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Civil War Trust

Fitzhugh Lee's Report

From the Official Records of the War of the Rebellion

HEADQUARTERS LEE’S CAVALRY BRIGADE,
March 23, 1863.

Fitzhugh Lee
Fitzhugh Lee was the nephew of Robert E. Lee and the grandson of "Light-Horse Harry" Lee, one of the great cavalry officers of the Revolution.

SIR: I have the honor to submit the following report of an encounter on the 17th instant between my brigade and a division of enemy’s cavalry, certainly not less than 3,000 mounted men, with a battery of artillery. My first intimation of their approach was in a telegram received at 11 a.m. on 16th, from headquarters Army of Northern Virginia. At 6 p.m. scouts reported them at Morrisville, a little place 6 miles from Kelly’s Ford. At 1 a.m. another report informed me that the enemy had encamped at that place, coming from three different directions.

I that night re-enforced my picket of 20 sharpshooters by 40 more. I regret to say that only about 11 or 12 of them got into the rifle-pits in time for the attack of the enemy (owing to an unnecessary delay in carrying their horses to the rear), which commenced about 5 a.m. The force in the pits, under Capt. James Breckinridge, of the Second, behaved very gallantly, holding in check a large force of the enemy, mounted and dismounted, for an hour and a half, killing and wounding 30 or 40 of them. I also ordered the remaining sharpshooters of the brigade, under that very efficient officer, Major [W. A.] Morgan, First Virginia, to move from their camps by daybreak to a point on the railroad where the road turns to Kelly’s, half a mile from the railroad bridge and 3½ from Kelly’s, and the rest of the command was ordered to be in readiness to move at the shortest notice. At that time a force was reported to be at Bealeton, supposed to be their advance guard, and it was uncertain whether they would attempt to cross at Kelly’s, the railroad bridge, or move on toward Warrenton.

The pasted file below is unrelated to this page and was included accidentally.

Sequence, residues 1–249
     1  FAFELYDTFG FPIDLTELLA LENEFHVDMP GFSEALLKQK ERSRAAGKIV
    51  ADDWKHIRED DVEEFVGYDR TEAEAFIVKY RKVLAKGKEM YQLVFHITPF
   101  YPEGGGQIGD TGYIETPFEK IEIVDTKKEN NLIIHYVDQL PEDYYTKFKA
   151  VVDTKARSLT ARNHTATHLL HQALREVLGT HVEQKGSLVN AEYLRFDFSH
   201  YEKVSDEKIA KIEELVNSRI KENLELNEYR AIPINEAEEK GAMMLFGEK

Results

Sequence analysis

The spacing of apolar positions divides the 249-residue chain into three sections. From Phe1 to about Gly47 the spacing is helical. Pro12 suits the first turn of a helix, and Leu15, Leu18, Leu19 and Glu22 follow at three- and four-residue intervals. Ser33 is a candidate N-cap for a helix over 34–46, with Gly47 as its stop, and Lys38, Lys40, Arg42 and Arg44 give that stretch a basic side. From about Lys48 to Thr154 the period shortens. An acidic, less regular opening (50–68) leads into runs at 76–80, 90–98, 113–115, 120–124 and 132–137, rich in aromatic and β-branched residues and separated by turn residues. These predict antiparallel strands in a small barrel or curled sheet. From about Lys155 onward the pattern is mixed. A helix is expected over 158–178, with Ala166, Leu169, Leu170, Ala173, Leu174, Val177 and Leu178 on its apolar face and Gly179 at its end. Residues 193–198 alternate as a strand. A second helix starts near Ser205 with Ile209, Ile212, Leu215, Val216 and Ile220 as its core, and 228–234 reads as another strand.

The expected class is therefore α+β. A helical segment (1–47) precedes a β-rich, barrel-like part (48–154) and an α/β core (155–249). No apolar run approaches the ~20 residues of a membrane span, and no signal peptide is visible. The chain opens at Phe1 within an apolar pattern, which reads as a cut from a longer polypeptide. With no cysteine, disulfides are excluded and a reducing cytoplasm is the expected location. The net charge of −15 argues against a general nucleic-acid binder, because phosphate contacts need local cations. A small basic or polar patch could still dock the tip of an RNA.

The report that enemy’s attack was made at Kelly’s never reached me; and the first intimation I received from that point was at 7.30 a.m., to the effect that they had succeeded in crossing, capturing 25 of my sharpshooters, who were unable to reach their horses. I moved my command at once down the railroad, taking up a position to await their approach, ordering my baggage wagons and disabled horses to the rear, toward Rapidan Station. Some time elapsing, and they not advancing, I determined to move upon them, and marched immediately for Kelly’s. First met the enemy half a mile this side of ford, and at once charged them. Their position was a very strong one, sheltered by woods and a long, high stone fence running perpendicular to my advance. My men, unable to cross the fence and ditch in their front, wheeled about, delivering their fire almost in the faces of the enemy, and reformed again, facing about under a heavy fire from their artillery and small-arms. The Third in this charge was in front, and First Lieut. [Bernard] Hill Carter, jr., was very conspicuous in his behavior. From that time it was a succession of gallant charges by the various regiments, and once by the whole brigade in line, whenever the enemy would show their mounted men, they invariably falling back upon their artillery and sheltered dismounted skirmishers. Their total advance was 2 miles from the ford. At that time my artillery arrived, and they were driven back, recrossing the river about 7.30 p.m., with us in close pursuit.

My whole command acted nobly; sabers were frequently crossed and fences charged up to, the leading men dismounting and pulling them down, under a heavy fire of canister, grape, and carbine balls. Had I my command in the order it arrived in this enervating section of country, and not weakened by the absence of four squadrons on picket, guarding a line stretching from Griffinsburg, on the Sperryville turnpike, to Richard’s Ford, and by the large number of horses unfit for duty by exposure to the severe winter, with a very limited supply of forage, I feel confident the defeat of the enemy would have been changed into a disorderly rout, and the whole brigade resupplied with horses, saddles, and bridles.

Commanding officers of the detachments from the various regiments engaged mention in their reports as deserving especial attention–